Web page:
Carlos D. Matos, a Lawrence city councilor, welcomed the audits. "You can't just think that the state's coming in with money," said Matos, who is running for mayor and is worried about the costs of the new high school. "It's not a blank check."

Lawrence is planning to break down a 2,600-student school into six high schools on one campus, with enclosed walkways, a performing arts center, and fewer than 500 students each, so that teachers and students would better know one another. School officials said the costs are reasonable, given the scope of the project.

"We are one of the few communities in the entire country living up to the promise of personalizing the high school experience," said Superintendent Wilfredo T. Laboy. "When I started the project five years ago, people laughed at me. They called it the Laboy Taj Mahal. Now there are not too many people calling it that any more."

Newton is planning to build a $104.5 million high school because officials are concerned that renovating Newton North High School would be unsafe for students.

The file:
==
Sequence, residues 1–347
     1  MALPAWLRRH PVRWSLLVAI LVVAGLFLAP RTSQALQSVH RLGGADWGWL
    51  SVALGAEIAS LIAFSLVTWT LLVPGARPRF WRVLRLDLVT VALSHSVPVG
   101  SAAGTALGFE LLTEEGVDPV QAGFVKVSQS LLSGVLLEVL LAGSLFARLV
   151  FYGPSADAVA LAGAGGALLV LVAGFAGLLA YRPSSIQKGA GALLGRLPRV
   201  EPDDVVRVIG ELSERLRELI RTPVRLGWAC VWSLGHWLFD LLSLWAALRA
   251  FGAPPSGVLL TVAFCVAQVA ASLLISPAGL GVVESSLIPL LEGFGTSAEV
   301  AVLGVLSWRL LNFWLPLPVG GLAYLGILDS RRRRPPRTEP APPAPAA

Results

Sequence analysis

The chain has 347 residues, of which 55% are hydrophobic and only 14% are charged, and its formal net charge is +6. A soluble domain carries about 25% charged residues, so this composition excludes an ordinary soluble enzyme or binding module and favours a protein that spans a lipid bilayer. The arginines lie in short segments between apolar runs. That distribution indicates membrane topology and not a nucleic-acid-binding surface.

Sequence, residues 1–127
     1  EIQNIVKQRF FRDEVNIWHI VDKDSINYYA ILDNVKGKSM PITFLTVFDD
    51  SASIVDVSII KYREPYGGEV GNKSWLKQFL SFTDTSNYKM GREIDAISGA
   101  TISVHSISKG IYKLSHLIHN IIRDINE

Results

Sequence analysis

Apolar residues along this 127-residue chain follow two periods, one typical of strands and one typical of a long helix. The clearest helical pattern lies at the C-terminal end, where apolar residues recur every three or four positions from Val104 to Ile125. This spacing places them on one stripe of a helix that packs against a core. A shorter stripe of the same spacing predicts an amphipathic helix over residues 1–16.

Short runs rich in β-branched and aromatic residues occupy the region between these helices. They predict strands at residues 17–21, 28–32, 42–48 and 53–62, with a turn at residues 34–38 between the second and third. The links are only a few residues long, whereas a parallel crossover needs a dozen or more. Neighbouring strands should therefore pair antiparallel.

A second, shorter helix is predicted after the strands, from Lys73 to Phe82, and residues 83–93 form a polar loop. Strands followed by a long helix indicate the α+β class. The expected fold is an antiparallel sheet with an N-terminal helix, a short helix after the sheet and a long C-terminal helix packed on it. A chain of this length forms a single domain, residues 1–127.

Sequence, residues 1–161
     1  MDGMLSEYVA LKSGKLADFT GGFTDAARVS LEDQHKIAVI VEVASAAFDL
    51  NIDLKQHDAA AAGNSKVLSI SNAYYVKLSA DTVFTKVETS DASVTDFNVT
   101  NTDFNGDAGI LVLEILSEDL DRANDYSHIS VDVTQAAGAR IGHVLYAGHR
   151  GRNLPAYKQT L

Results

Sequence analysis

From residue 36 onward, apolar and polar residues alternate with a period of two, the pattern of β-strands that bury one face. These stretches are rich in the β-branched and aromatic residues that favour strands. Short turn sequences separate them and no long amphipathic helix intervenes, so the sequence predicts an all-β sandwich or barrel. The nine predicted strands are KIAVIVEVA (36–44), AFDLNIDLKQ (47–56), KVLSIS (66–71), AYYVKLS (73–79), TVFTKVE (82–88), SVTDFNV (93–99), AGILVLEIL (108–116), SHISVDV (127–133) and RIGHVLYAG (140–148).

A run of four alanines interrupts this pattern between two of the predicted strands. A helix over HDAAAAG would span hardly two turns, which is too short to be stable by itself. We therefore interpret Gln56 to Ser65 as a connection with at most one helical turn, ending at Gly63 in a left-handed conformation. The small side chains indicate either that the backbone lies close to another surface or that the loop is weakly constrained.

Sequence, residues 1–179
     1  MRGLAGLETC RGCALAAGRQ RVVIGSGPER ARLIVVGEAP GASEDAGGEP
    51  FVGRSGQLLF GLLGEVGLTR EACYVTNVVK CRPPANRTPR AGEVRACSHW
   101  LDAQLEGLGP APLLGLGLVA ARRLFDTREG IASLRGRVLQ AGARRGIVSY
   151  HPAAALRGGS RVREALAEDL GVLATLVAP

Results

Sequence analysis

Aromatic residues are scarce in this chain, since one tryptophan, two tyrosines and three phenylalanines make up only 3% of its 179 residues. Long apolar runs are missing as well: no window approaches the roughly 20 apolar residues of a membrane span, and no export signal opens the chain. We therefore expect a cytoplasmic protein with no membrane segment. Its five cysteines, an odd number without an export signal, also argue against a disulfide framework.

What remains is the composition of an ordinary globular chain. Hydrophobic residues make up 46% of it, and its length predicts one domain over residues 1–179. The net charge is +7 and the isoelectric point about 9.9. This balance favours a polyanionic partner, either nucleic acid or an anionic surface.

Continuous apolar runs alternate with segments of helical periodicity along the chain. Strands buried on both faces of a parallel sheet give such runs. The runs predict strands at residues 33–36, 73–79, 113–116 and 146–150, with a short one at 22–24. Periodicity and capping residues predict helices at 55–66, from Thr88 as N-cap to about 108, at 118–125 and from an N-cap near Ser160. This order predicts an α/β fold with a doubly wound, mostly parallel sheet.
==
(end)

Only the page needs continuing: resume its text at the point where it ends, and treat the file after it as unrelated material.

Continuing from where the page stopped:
The planned school would be designed to save money on fuel and electricity, and city officials said they want it to include the facilities the school has now, including a swimming pool. Mayor David B. Cohen said the school has support from the public and the state.

But the Newton Taxpayers Association is trying to get voters to renovate the existing building for $65 million.

"We think it's wasteful," said Jeff Seideman, president of the association. "We think the voters, if they hear all the facts, would be opposed to the new school."

Mary Grassa O'Neill, one of seven members of the new authority, said school systems will have to prove that the higher costs are necessary or the board won't vote to give them the money.

"Everyone has to play by the rules, or they're on their own," she said.


The Boston Globe
Saturday, April 2, 2005

Business leaders urge state to keep Hynes center open
They cite revenue generated in area
By Janette Neuwahl, Globe Correspondent